The hike takes between 1 to 2 hours each way, approximately 3 hours in total, depending on your speed and how much time you wish to spend exploring the site on top. We recommend taking your time, spend a few moments up top looking at the underpinnings and foundations of the buildings there. The way the Incas built these structures directly into the face of a mountain peak, belies a civil engineering project that is truly one of the most magnificent anywhere. Take plenty of water as the environment is very warm and humid. Use care in both climbing and descending the stairs and use the provided hand rails.


Alternate Hikes – There are several excellent alternatives to hiking up Huayna Picchu if you aren’t able to obtain the ticket or don’t fancy crowded, narrow paths alongside of sheer falls of hundreds of feet or more. The other hikes we recommend are Machu Picchu Mountain, the Inca Bridge, and the Sun Gate (“Inti Punku” in Quechua). Machu Picchu Mountain is probably the next side hike out of Machu Picchu to become really popular. First of all, from it’s peak one is treated to the same type of aerial view of Machu Picchu that the hike to the top of Huayna Picchu affords. It is, at least for the moment, infinitely less crowded. Up until July 2011 there was no extra charge or permit necessary to go up here, however that has recently changed with the new rules put into place during the summer of 2011. Currently, the entrance ticket that includes this hike is the same cost as the general admission ticket to Machu Picchu, s/126 soles,  and so technically the hike is free. It, like the other hikes here, is a steep and by no means easy route. It takes between 1 to 2 hours and has more than its share of narrow precipices, so it is not recommended as an alternative to the Huayna Picchu climb for those suffering from a fear of heights.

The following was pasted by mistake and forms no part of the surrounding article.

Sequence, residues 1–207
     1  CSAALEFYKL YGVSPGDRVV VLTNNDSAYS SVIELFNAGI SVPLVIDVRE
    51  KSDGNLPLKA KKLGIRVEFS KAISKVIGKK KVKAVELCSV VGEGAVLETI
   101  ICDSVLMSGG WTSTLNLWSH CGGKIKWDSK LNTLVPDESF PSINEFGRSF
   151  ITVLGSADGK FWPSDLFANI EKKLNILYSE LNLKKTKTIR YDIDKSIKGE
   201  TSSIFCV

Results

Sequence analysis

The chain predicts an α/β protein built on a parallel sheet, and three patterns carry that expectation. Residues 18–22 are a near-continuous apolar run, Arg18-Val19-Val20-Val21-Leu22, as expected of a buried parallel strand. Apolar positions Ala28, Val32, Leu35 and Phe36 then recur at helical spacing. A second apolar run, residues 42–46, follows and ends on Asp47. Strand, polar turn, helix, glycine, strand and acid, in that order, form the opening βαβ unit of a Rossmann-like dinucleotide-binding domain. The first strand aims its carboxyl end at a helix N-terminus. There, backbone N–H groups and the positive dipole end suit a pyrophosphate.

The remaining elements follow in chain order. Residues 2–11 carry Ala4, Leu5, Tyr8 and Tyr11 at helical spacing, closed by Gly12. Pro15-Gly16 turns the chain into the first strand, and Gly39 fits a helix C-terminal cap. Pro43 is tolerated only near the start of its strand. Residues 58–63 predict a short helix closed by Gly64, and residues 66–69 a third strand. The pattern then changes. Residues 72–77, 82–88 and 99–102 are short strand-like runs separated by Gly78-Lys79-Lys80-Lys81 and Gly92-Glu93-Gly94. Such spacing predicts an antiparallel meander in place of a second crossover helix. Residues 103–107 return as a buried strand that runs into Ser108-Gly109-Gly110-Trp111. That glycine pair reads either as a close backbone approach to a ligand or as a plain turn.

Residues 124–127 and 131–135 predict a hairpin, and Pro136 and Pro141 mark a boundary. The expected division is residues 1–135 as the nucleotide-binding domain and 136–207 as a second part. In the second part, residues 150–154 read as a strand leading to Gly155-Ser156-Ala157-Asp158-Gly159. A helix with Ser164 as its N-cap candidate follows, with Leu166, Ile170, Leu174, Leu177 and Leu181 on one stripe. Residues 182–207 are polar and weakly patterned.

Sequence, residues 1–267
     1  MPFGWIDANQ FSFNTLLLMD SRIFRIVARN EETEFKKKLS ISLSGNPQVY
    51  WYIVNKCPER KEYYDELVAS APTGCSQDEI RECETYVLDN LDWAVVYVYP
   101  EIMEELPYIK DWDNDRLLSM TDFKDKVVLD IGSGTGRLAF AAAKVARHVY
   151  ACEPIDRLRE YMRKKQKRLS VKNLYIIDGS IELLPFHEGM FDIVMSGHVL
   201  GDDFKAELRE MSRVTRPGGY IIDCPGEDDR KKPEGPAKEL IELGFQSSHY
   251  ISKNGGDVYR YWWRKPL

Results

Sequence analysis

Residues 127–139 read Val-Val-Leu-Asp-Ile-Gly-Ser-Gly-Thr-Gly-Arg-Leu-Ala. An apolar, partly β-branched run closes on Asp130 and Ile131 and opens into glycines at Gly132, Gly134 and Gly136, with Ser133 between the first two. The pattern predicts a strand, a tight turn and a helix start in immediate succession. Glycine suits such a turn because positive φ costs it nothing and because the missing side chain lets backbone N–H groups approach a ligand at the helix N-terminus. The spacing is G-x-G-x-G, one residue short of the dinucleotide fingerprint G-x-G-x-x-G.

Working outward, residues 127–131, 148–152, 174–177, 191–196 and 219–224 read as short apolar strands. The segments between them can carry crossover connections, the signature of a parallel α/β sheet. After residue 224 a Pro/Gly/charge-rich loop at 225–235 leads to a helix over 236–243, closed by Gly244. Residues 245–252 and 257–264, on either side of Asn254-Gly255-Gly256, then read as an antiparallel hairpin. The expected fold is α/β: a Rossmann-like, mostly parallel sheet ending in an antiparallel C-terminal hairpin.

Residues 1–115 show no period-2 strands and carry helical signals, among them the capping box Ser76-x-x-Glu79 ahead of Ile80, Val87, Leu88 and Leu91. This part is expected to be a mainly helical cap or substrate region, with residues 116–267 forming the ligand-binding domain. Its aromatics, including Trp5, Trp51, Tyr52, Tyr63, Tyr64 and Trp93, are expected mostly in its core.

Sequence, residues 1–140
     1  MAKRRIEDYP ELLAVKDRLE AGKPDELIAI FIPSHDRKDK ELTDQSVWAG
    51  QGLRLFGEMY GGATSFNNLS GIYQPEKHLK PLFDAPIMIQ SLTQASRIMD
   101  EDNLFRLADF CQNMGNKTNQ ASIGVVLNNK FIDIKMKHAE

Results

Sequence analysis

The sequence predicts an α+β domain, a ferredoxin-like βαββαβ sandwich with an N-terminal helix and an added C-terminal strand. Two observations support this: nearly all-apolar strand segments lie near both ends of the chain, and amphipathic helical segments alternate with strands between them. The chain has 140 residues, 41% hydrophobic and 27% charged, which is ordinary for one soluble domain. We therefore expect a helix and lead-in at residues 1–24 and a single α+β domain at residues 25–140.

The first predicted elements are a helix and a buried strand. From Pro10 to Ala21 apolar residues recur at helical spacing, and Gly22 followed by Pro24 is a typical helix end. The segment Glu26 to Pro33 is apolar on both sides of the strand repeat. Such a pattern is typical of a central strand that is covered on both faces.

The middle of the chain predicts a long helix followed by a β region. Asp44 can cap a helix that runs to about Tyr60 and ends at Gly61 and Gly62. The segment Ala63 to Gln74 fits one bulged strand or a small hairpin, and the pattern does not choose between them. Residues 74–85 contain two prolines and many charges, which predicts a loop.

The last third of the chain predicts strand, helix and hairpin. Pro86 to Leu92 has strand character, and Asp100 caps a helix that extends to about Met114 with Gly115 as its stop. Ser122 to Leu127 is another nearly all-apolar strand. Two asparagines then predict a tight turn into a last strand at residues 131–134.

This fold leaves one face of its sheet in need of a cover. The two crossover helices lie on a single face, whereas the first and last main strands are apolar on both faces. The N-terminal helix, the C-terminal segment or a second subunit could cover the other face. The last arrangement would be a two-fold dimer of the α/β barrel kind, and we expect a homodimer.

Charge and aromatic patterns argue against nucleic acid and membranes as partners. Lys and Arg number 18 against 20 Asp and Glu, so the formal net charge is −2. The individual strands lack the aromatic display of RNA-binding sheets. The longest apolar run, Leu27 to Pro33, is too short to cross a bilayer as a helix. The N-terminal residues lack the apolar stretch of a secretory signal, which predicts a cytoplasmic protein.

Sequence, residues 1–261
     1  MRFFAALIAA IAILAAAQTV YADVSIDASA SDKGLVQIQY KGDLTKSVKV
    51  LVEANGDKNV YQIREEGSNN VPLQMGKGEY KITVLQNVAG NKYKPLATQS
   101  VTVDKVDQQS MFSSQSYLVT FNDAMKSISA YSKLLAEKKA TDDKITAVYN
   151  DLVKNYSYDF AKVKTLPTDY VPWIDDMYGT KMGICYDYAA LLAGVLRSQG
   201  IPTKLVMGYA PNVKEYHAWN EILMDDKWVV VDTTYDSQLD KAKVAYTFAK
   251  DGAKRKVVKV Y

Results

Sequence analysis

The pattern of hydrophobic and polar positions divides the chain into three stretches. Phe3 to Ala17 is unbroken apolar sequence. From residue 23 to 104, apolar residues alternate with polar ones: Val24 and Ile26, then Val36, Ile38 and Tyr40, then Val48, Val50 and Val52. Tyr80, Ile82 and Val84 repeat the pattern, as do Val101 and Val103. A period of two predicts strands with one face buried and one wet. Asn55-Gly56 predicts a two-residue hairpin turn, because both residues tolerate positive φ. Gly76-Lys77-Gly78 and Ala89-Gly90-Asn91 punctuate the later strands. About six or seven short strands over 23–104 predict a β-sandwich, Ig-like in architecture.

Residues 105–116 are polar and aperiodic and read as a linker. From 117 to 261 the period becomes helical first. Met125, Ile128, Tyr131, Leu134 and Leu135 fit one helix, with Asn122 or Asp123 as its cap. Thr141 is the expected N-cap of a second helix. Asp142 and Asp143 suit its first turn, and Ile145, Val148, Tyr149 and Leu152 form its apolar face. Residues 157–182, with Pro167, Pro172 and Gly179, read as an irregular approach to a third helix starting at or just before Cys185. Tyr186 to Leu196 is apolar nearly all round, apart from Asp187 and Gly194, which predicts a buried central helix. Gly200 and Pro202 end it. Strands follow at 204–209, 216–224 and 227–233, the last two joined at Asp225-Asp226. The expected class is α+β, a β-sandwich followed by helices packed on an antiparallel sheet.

The best hike for those with vertigo, aversion to crowds, or looking for a hike less strenuous than Huayna Picchu is walking backwards from Machu Picchu up to the Sun Gate, which allows you to stand at the very spot that those who hike the classic Inca Trail are greeted with their first view of the historic Lost City of the Incas. The Inca Trail trekkers are usually there at sunrise, so by 9a.m. this site, origin of the most famous view of Machu Picchu, is nearly empty.  The hike takes between 1 to 1.5 hours up and about an hour or so down. You are not technically allowed to hike backward up the Inca Trail any further up the trail than the Sun Gate, but the odds are decent that if you went up the path a mile or two just to see one of the most famous trails in the world, no one is likely to notice nor come down too hard on you should they finding you wandering a little “lost” on the trail


Another excellent side hike is the walk to the Inca Bridge, around the western side of Machu Picchu mountain and with great views down valley, to the HydroElectric plant and the jungle beyond. The path takes you to a view of one of the Inca’s many marvelous civil engineer mountain projects – a path carved out of a sheer, granite face of the mountain, passable only by a wooden log that spans the gap in the path. Below it is a sheer drop of thousands of feet of vertical, down to the river below.  By simply removing the bridge, the Incas had ultimate control over who entered the sanctuary. Naturally, an over zealous visitor a few years back fell to their death, so access to the actual bridge area is no longer allowed, however the view from the end of the path is quite sufficient to appreciate this mini-wonder, and the hike is a pleasant one and not quite as exposed as the others.

2 views0 comments


bottom of page